One of them pressures other whites to resign as well
Kent Brockman has said it before and he’ll say it again: “Democracy simply doesn’t work.”
It’s a view also embraced by the president and vice president of the University of Connecticut’s Undergraduate Student Government, who spurned the students who voted for them four months ago by resigning their elected positions.
Their rationale is both ludicrous and probably genuine: White people shouldn’t lead.
VP Alex Ose was the first to go last week, according to The Daily Campus. She cited “the climate and incidents of racial injustice across the country and at the university” without elaborating on what’s wrong at UConn (or why she can’t address the perceived problem as an elected official):
I feel that it is my duty to step down from my position to make space for BIPOC (black, indigineous and people of color) voices to truly rise and be heard. It is my responsibility to make space, not to create an echo.
Ose is also pressuring the remaining white members of the student government to resign, asking them to consider their “intent” in student leadership (to lead?) and whether they “truly” believe “they are making space for the voices that need to be heard right now” – the aforementioned BIPOCs.
President Joshua Crow didn’t go that far when he announced his own resignation prompted by white guilt two days later.
“It is important in this time to ensure that marginalized groups have the platforms they need,” he said, according to The Daily Campus. (Their paralyzing white guilt makes a little more sense when you consider that Crow and Ose beat a nonwhite ticket, Jase Valle and Guymara Manigat.)
Crow’s temporary replacement is … another white guy, Will Schad. But don’t worry! Schad’s whiteness won’t pollute the student government for much longer, at least as president.
At a Thursday town hall to “address racism within” the student government, as the Daily put it without a hint of bias, Schad emphasized he didn’t want the job and would schedule elections as soon as possible. Remember, elections were four months ago and students made their choices:
“This was never a job that I had my eyes on, but I’m going to be as committed to the students as possible and as committed to starting to solve issues of racial bias and injustice and as well as elitism, as I can be,” Schad said.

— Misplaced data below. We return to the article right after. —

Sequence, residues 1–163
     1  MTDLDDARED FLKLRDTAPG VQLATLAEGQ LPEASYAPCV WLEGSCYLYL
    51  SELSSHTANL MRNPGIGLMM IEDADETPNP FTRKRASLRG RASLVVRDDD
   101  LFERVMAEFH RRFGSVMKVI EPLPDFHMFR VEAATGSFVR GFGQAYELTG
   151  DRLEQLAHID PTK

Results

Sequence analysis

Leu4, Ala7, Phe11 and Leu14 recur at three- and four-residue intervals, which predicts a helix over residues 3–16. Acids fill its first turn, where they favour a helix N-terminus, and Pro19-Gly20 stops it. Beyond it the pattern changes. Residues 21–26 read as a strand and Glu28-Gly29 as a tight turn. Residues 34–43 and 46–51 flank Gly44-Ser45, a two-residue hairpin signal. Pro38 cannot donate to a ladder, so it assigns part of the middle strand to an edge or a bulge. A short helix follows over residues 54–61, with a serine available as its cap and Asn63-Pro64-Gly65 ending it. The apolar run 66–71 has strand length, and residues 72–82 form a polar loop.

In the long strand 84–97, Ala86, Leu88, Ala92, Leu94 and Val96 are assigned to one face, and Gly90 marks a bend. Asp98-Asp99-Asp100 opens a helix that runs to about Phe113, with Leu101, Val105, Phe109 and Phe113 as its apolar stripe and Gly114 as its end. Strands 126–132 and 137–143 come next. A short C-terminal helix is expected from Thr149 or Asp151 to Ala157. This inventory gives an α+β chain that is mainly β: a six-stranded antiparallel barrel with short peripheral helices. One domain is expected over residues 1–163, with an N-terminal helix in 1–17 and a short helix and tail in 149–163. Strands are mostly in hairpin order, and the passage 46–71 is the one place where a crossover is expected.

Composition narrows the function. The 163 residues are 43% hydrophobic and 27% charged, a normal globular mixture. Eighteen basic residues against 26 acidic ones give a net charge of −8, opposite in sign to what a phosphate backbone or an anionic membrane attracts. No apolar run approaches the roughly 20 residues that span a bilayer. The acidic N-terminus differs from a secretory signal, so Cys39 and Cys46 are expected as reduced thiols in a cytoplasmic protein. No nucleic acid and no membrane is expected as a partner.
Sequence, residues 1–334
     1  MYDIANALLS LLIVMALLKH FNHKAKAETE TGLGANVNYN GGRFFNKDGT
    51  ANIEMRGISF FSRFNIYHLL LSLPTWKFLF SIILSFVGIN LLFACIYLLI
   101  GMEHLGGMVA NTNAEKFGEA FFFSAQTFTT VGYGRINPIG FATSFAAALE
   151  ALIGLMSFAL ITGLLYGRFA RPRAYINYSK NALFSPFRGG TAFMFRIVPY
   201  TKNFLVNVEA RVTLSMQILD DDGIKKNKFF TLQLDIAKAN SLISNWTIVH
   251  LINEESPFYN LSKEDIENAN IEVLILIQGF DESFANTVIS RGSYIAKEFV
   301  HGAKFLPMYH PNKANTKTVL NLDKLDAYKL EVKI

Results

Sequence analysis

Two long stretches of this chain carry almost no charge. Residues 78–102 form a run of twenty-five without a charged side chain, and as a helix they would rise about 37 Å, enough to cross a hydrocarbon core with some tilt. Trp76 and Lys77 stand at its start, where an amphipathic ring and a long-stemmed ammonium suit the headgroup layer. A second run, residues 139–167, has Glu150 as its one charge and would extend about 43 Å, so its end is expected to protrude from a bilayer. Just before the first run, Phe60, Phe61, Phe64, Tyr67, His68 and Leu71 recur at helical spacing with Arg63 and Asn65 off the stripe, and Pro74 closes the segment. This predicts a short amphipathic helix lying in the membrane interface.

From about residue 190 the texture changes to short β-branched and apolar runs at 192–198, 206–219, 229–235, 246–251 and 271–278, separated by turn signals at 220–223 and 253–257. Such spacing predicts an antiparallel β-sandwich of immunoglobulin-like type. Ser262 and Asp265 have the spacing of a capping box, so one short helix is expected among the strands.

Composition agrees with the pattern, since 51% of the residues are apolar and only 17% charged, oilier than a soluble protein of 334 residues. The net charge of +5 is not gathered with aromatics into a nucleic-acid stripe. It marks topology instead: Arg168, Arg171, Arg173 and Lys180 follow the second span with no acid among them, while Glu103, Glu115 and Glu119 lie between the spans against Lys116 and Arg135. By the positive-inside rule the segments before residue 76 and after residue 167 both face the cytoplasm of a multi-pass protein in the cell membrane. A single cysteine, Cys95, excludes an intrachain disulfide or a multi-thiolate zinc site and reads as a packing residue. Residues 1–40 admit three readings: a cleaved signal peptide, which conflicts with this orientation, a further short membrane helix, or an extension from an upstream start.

Schad also talked about his experience in working toward diversity and inclusion while in his position as speaker of the Senate. While in his former position, he said he was pushing for mandatory bias training, election reform, bias control policies within USG as well as advocating for greater access to resources for BIPOC students, such as mental health services.
You won’t believe what prompted this town hall and another hosted by Ose and Crow, whose feedback apparently prompted their race-based resignations.
Some students – whose privilege enables them to take offense at everything – had complained about a student government survey that asked undergraduates to anonymously share their own experiences of discrimination, from “microaggressions” to “Islamophobia.” It was crafted by the “Multi-Cultural and Diversity” senators.
Any reasonable person – i.e., not a UConn racial activist – would scratch their head at why students would criticize rather than thank their elected leaders for inviting their feedback.
You see, the perpetually aggrieved Huskies accused the student government of … survey appropriation, I guess you’d call it?
There were multiple comments under the [Instagram] post [sharing the survey] from students who said the survey was tone-deaf and that it seemed like the page was plagiarizing the idea from student-run anonymous social media accounts like Black at UConn.
“Why do you need surveys to know racism is wrong, you’re not amplifying anyone’s voice, you’re colonizing them,” one person commented.
Indeed, an hour after the post went up, the Black at UConn Instagram account shared an anonymous testimonial that called the student government “despicable” because “your Black and Latinx members are often talked over, looked past and not valued.” (The only example of this supposed oppression? A wonky dispute over compensating members of the executive board, which was mostly nonwhite when the compensation rule took effect.)
Though the student government quickly apologized for asking for student feedback without the sufficient wokeness, it didn’t really matter. Crow already declared at his town hall that UConn was an “inherently racist institution,” and several attendees flat-out said any executive board that was not majority nonwhite was illegitimate.
It would be nice to see student leaders of any color emphasize that skin color is not destiny, and that blacks can capably represent whites and vice versa. Sadly, don’t expect to see such leadership anytime soon at UConn.
IMAGE: UConn Undergraduate Student Government